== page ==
The Rainbow Falls Trail begins at the Grassy Ridge trailhead in the southwestern corner of the Grassy Ridge parking area.  Several kiosks dealing with the hiking trails, camping for the Raymond Fisher Trail and along the Horsepasture River, and some general interesting environmental/ecological information pertaining to the park are present.  The two trails commencing from the trailhead, the Rainbow Falls Trail (orange blazes) and the Raymond Fisher Trail (blue blazed), overlap for about ¼ mile.  The gravelled Rainbow Falls Trail travels west out of the Park at the ¾ mile mark to enter the Pisgah National Forest (previously Nantahala National Forest; the property was recently transferred between Forest units).   Rainbow Falls is actually in the Pisgah National Forest, with Gorges State Park providing the only access to the Falls.  Large portions of the trail are graced with the glossy green of galax (Galax urceolata) and, a little higher, ivy bush (Kalmia latifolia) and laurel (Rhododendron maximum).  In fact, the trail begins in an ivy thicket with galax everywhere…an auspicious beginning, indeed.

At 1195’, a small bench suitable for one person is present for those who tire easily.

At 1424’, the Rainbow Falls Trail and the Raymond Fisher Trail diverge.  The Raymond Fisher Trail proceeds to the left; the Rainbow Falls Trail to the right.  There is an official Park sign complete with the blaze colours on it present at the fork.

Around 1700’, a (perhaps wet-weather) springhead along the bank wets the trail for a short way.  This happens several times along the trail.  The raging Horsepasture River is audible from this point.

Around 2650’, another springhead with a couple of nice boulders, one on either side of the trail, at the end of the wet area.

At 2933’, notice a large pine on the right side of the trail along with some decently sized ivy bush (Kalmia latifolia).  This overall area is second-growth forest, so there aren’t tons of massive trees.

At 3002’, a small spring chitters out of the ground below the trail to the left.

At 3121’, another smallish bench is provided along a relatively flat portion of the trail between two steep portions.

At 3718’, a nice creek with mini-whitewater crosses the trail.  The creek is 5’ to 6’ wide, but very shallow.  Rocks are provided for a dry crossing, but the presence of a small springhead on the other side of the creek, and running into it, wets the entire trail so that wet feet are unavoidable.

At 4203’, a sign marks the boundary of Gorges State Park.  A survey stob is visible a few feet from the sign.  The gravel ends at the boundary.

At 5027’, a poorly done sign marks a fork in the trail.  Rainbow Falls Trail proceeds to the right.  The left fork leads to Stairway Falls directly, and Sidepocket and Windy Falls, indirectly.  I was surprised to find another trail off the main trail, as I was unaware of its presence.  Thus, I had to surrender to curiosity and check it out.  A short distance down this fork, approximately 460’, one encounters a large camping area and the Horsepasture River.  Falls are present up and downstream.  The trail is sometimes hard to make out, especially around camping sites, but the waterfalls are well worth seeing if one wants to have a side excursion.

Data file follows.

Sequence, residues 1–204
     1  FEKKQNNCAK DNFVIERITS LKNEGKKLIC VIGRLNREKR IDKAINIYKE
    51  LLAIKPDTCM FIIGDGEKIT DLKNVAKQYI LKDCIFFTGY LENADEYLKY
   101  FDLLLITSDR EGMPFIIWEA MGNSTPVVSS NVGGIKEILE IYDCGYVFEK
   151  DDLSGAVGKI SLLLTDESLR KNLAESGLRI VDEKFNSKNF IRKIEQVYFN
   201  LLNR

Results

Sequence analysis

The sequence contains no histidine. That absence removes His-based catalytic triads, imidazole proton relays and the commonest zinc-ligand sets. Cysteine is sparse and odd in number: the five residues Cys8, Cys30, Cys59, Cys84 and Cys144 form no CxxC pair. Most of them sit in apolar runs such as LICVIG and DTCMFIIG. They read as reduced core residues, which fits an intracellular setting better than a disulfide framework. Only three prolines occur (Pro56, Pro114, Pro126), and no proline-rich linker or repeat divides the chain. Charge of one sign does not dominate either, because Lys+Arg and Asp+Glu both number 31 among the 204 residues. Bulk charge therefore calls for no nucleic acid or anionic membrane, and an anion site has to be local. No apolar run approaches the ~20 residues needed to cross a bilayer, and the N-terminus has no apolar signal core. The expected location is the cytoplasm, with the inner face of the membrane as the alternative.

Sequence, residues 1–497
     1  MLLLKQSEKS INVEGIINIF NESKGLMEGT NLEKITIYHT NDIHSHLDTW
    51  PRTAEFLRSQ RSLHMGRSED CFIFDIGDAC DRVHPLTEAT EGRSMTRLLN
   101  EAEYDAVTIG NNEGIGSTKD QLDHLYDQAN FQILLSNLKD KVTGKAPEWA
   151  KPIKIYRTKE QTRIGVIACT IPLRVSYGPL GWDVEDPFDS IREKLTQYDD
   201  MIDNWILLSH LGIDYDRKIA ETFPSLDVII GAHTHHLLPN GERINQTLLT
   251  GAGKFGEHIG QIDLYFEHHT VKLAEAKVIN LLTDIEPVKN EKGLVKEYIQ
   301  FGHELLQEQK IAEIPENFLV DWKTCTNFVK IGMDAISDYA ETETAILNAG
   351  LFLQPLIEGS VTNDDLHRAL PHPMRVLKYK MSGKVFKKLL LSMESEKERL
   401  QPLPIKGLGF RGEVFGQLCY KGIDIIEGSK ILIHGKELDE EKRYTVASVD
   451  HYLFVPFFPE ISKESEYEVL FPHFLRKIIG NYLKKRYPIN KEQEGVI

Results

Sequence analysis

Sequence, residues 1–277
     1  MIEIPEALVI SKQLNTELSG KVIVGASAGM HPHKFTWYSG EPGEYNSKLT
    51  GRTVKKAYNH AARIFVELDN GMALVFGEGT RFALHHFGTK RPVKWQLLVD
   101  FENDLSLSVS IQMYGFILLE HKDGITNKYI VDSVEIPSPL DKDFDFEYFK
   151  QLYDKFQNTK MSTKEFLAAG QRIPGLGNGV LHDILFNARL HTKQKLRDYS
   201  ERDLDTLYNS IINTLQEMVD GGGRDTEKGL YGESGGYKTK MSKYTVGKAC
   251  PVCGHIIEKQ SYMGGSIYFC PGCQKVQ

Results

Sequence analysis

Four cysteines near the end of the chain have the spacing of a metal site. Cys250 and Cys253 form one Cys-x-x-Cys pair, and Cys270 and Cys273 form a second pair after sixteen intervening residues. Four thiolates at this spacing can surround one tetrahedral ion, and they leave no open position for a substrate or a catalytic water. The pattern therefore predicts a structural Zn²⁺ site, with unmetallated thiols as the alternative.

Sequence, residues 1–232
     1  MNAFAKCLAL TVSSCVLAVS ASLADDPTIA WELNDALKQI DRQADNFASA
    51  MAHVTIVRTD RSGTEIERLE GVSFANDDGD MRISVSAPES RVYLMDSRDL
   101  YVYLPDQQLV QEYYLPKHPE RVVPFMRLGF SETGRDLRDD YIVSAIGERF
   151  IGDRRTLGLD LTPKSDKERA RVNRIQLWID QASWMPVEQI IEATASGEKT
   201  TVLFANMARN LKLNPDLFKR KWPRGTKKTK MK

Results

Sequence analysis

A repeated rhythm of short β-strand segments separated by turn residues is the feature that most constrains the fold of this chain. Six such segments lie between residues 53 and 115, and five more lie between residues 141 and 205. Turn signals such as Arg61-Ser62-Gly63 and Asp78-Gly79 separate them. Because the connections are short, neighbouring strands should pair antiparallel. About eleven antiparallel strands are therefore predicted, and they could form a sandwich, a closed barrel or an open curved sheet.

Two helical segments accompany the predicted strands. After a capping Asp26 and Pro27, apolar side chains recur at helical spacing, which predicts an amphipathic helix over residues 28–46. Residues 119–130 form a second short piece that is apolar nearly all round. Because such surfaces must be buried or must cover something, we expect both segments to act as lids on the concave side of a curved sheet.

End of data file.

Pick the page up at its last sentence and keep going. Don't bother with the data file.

At 5526’, another springhead wets the trail.

At 5712’, a more difficult stream crossing appears.  First, the stream is much wider than the previous one:  about 15’.  There are stepping stones.  On the other side of the creek, a large camping area is present along with several unofficial paths scattered about.  Keep going straight.

About 5950’, one can begin to see the river peeking through the trees.  The dark water with large rocks invite rock-hopping.  The trail parallels the river the rest of the way to the falls.

At 6354’, a rock point perches out to the left.  It provides a nice overlook of the Horsepasture River.

At 6865’, a partial view of a mini-fall/cascade with a beautiful pool.

At 8023’, one arrives at the falls along with its signature rainbow if the weather is cooperative.  There is a wooden fence here to keep people from accessing (or falling into) the plunge pool of Rainbow Falls.  There are a number of paths here and there people have made to access the water and/or views of the falls.  One of these leads to a wonderful view from above the falls, and is worth taking.  To remain on the official trail, take the path that is more or less straight that leads to the observation deck.

At 8376’, a constantly dripping observation deck provides a phenomenal view of Rainbow Falls and a refreshing cool mist to beat the heat.  Note this area will sometimes be frozen in appropriate weather. 

Note:  take heed when dealing with waterfalls.  The water is fast, footing is often tricky, and people are killed every year by being swept over falls.  Live to enjoy another hike.